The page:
• Ironside (unregistered)

    I once worked in a marmalade factory. One day I was given the unenviable task of climbing into one of the vats to retrieve a clipboard that a worker had dropped. Of course back then the phrase health and safety was unheard of so they didn't bother emptying the vat, nor shutting down production.

    I only wish there was a site like DailyWTF that covered WTFs in the fruit preserve industry.

  • moving through space (unregistered) in reply to Popeye
    Popeye:
    HP is one of the worst companies out there for technical support. Just wait until you have them for software development and support. It only get worse...
    I agree. Yet, our company still seems to find reasons to sign multi-year, multi-million dollar contracts for products and support. My only guess is that our infrastructure people are worse than theirs.
  • dgvid (cs)

    I think the "windy" story ended up looking like a WTF to some because we like to forget that our nice clean digital world runs on top of messy analog substrate. Atoms are the Real WTF.

  • ZoomST (unregistered)

    Hey! Coincidentally, it is a windy day today here, but I didn't notice any network failu

  • C-Derb (unregistered) in reply to Ironside
    Ironside:
    I once worked in a marmalade factory. One day I was given the unenviable task of climbing into one of the vats to retrieve a clipboard that a worker had dropped. Of course back then the phrase health and safety was unheard of so they didn't bother emptying the vat, nor shutting down production.

    I only wish there was a site like DailyWTF that covered WTFs in the fruit preserve industry.

    I once ate a tuna sandwich.

  • Ozz (unregistered)

    We have people here who blame proxy for everything. There is one guy in particular who I'm sure would blame proxy for his car running out of gas. Another favorite here is Them: "The internet is down!" Me: "Works for me - can you get to www.google.com ?" Them: "Of course I can!" Me: "Then the Internet is not down" Them: "But I can't get to www.completelyunrelatedtowork.com" Me: "That's because CompletelyUnrelatedToWork's internet is down..." Them: "So when are you gonna fix it?"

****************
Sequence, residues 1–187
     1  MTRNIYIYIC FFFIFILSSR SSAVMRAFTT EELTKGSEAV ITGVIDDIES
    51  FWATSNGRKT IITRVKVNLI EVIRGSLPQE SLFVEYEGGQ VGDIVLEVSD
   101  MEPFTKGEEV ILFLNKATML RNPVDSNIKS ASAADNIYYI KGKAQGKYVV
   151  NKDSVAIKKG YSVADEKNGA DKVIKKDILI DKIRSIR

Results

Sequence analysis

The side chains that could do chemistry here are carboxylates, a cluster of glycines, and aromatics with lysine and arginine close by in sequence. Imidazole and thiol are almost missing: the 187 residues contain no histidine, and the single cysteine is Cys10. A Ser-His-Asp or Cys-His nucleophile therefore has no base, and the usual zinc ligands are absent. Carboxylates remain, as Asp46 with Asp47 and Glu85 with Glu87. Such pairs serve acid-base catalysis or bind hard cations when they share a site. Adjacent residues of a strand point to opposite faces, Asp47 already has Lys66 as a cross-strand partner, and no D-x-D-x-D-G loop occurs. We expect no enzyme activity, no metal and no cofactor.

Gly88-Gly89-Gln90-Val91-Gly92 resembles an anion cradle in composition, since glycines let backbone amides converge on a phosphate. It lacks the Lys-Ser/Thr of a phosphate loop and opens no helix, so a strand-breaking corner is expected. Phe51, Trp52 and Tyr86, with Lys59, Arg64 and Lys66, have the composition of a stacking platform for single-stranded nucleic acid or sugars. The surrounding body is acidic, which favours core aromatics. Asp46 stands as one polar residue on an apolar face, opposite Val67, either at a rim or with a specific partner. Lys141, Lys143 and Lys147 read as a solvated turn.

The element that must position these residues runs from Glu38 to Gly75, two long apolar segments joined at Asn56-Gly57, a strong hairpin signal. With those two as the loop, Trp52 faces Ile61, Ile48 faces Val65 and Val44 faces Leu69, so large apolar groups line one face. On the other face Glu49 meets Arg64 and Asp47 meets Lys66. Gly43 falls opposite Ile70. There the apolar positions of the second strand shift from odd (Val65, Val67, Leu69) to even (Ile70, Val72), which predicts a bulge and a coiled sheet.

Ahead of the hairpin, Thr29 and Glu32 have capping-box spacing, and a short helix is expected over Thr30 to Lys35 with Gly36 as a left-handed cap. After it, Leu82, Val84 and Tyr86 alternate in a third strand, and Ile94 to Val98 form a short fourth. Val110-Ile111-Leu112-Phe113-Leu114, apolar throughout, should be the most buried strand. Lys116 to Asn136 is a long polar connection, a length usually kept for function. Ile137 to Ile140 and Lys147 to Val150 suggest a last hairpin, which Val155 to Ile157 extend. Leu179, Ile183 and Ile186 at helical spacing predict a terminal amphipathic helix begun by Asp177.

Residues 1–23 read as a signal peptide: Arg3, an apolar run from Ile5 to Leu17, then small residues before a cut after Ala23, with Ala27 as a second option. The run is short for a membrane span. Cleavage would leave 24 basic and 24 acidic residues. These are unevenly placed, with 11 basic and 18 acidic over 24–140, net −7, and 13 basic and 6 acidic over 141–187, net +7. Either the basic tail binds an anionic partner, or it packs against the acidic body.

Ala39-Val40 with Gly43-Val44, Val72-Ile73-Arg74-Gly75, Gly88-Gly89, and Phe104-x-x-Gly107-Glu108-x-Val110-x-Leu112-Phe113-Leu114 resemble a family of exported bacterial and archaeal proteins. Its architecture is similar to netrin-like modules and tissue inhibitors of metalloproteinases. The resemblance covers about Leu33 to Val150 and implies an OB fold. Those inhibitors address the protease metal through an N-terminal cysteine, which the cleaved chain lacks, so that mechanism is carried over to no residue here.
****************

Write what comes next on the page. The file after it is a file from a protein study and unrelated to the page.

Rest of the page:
• Nexzus (cs) in reply to Ironside
    Ironside:
    I once worked in a marmalade factory. One day I was given the unenviable task of climbing into one of the vats to retrieve a clipboard that a worker had dropped. Of course back then the phrase health and safety was unheard of so they didn't bother emptying the vat, nor shutting down production.

    I only wish there was a site like DailyWTF that covered WTFs in the fruit preserve industry.

    I'm picturing that episode of the Simpsons when the school (except Bart) gets to go to the chocolate factory.

    "Play sanitary, kids"

  • DCRoss (cs) in reply to Popeye
    Popeye:
    HP is one of the worst companies out there for technical support. Just wait until you have them for software development and support. It only get worse...

    I have forwarded your concerns to the appropriate help desk:

    > Hello, I am HP Technical Support. 
    * HP is one of the worst companies out there for technical support.
    > Don't you ever say Hello? 
    * Just wait until you have them for software development and support.
    > We were discussing you, not me. 
    * It only get worse...
    > Can you elaborate on that?
  • cellocgw (cs) in reply to Lazlo
    Lazlo:
    I had the same sort of thing once, had a client that linked several of their buildings with free space optics. It avoided using the extortionate local carrier, had good bandwidth, and was generally pretty reliable... unless it rained.

    Amusingly, a few years into that, there was a building built near their line of sight. The building didn't get in the way, but the way they parked the construction crane overnight had about a 10% chance of blocking the lasers until they started back to work in the morning.

    Install a more powerful laser (not on a shark). Burn thru crane. Problem solved.

  • Some Damn Yank (cs) in reply to Maciej
    Maciej:
    My guess is that HP has employed the No Quack Neural Network.
    Running on Linux, no doubt.